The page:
A male rhesus macaque was found to have what appeared to be numerous platelet-fibrin emboli in retinal vessels in the perimacular area. Indocyanine green (ICG) dye fluorescence and fluorescein angiograms of the fundus demonstrated leakage of fluorescein, but not ICG, from the involved arterioles. Histopathologic changes in the eyes included occlusion of retinal and choroidal vessels with platelet-fibrin emboli, inner retinal ischemia, ischemic injury to the parafoveal capillary bed distally to occlusion of precapillary arterioles, and retinal exudate limited to the regions of capillary damage. Differential leakage of fluorescein may be explained by the difference in binding affinities of the 2 dyes to blood protein: 20% to 40% of the circulating fluorescein is unbound, and 98% of ICG is bound to serum albumin. Simultaneously or serially performed angiograms with fluorescent probes of different sizes might be used to obtain a qualitative measure of vascular integrity in persons with embolism, diabetic retinopathy, sickle cell retinopathy, vasculitis, and other disorders known to produce focal retinal and choroidal vascular occlusion.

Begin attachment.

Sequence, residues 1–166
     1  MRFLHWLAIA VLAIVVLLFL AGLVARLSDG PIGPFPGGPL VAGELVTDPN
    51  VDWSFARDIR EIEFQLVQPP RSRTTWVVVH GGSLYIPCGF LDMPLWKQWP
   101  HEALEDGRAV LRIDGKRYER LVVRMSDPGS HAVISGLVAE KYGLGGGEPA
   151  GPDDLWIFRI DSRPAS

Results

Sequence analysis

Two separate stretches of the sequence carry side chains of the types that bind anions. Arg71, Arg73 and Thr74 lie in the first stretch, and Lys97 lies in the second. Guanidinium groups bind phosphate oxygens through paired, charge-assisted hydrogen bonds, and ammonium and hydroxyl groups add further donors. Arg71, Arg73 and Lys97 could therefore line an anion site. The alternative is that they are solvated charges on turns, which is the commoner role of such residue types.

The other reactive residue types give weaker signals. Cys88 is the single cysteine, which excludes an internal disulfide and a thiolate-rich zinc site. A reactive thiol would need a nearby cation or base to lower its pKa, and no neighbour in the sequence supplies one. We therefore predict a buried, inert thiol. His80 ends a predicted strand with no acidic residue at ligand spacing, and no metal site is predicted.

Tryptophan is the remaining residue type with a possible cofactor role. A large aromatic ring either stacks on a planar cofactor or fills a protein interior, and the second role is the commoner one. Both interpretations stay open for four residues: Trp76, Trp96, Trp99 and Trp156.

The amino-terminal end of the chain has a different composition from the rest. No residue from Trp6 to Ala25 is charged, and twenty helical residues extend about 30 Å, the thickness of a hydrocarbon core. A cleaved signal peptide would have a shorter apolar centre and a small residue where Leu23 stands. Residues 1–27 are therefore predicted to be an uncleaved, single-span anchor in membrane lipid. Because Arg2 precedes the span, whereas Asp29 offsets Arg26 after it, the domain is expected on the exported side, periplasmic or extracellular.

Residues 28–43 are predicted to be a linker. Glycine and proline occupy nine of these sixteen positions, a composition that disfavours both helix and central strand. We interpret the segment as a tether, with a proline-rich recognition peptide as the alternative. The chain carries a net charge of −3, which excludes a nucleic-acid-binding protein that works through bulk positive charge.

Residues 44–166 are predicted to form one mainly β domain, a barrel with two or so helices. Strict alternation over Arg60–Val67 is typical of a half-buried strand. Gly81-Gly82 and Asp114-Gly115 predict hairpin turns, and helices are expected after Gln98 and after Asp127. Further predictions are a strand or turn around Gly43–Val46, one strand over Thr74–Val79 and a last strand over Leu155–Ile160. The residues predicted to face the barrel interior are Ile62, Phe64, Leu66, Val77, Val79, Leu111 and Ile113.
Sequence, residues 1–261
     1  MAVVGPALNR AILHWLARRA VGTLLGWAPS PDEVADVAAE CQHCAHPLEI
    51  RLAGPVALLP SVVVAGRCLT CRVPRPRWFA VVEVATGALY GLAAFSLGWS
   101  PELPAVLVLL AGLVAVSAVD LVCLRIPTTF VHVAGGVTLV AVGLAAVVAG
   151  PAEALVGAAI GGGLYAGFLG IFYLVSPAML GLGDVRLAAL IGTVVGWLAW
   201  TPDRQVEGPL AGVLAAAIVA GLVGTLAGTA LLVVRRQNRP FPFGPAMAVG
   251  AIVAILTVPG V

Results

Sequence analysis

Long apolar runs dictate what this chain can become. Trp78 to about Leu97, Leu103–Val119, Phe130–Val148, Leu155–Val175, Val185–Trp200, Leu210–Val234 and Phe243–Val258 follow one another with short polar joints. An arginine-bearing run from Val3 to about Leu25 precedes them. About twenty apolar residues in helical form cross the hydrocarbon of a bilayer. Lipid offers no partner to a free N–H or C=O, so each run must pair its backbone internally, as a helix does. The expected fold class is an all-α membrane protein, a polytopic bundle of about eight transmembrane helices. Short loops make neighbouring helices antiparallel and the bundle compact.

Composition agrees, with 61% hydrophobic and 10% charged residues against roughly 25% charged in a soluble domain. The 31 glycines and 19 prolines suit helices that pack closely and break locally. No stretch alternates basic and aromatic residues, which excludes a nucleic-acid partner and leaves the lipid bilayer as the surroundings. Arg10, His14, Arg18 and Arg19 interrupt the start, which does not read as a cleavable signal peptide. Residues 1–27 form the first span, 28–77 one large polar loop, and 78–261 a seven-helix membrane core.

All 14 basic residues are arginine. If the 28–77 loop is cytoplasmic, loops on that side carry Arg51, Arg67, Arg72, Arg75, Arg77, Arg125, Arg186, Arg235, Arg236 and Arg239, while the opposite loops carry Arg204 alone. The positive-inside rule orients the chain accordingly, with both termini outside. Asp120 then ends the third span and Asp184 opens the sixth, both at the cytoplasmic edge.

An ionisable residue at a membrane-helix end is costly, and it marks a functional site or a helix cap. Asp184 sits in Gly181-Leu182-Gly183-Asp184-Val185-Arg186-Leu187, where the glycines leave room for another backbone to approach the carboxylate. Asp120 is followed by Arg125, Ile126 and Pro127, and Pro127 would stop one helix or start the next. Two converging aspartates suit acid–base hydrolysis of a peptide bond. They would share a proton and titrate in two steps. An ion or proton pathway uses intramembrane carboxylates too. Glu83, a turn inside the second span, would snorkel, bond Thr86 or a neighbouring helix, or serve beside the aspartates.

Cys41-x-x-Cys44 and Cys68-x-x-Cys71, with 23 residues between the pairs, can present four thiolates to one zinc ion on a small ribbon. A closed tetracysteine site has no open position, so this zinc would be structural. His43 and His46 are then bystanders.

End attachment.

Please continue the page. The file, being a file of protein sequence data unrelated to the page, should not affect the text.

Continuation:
|Original language||English (US)|
|Number of pages||7|
|Journal||American journal of veterinary research|
|State||Published - Jul 1 1983|
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